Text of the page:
Breton, or marinière, shirts are named after the French coastal region of Brittany and the local seamen who wore them. But like most traditional workwear, the striped, long-sleeve shirt later evolved into a versatile menswear staple, associated with both jet-setters and Parisian café culture.
Dating back to 1858, when it began being worn by the French navy, the style has long been a fixture in France. But staying too close to those origins can be a mistake—there’s a balance to be struck, so as not to look like a cliché. Attempt too much muted Gallic panache (think black stripes with slim black pants) and you risk entering mime territory. It’s smarter to veer towards Riviera-inspired looks: those breezy, saltwater-soaked ensembles with sleeves-rolled-up nonchalance. As Sylvain Flet, of Brittany-based brand Le Minor, tells us: “A real marinière should fit a bit loose, with a 3/4 sleeve length. It’s not like a t-shirt.”
Le Minor is one of the region’s oldest manufacturers of authentic Breton shirts and has become the brand of choice within Paris’s new wave of French Ivy style, often spotted with J.M. Weston loafers and Officine Générale chinos. But how did we go from fishermen to fashion? Flet notes that it was Coco Chanel who brought the garment into style in the 1920s: “After that, films and celebrities, from Paul Newman to James Dean, contributed to making it synonymous with summer freedom and relaxation.”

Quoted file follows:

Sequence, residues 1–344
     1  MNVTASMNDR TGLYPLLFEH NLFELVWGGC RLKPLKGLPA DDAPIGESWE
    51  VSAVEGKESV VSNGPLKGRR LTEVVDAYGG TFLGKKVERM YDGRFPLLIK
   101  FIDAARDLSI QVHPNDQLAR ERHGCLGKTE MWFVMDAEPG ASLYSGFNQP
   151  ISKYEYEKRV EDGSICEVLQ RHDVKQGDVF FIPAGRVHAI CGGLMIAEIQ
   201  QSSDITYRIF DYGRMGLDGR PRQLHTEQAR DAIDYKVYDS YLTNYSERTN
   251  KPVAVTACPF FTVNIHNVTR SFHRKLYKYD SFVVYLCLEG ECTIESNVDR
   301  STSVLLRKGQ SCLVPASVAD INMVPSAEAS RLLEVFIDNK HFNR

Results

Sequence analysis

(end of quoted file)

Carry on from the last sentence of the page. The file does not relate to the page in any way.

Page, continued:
For inspiration, he suggests looking to Picasso (“the French-iest of all Spaniards”) as well as historic yachtsman, Eric Tabarly. Make like these men and pair your marinière with simple, minimalist pants and shoes, so the shirt can become the focal point of the ensemble. Extra patterns and colors can sully the relaxed vibe for which the season calls.
However you choose to wear your own, the marinière is a menswear essential. Here are some of our picks to see out the summer, whether relaxing in the south of France, or in your own backyard.
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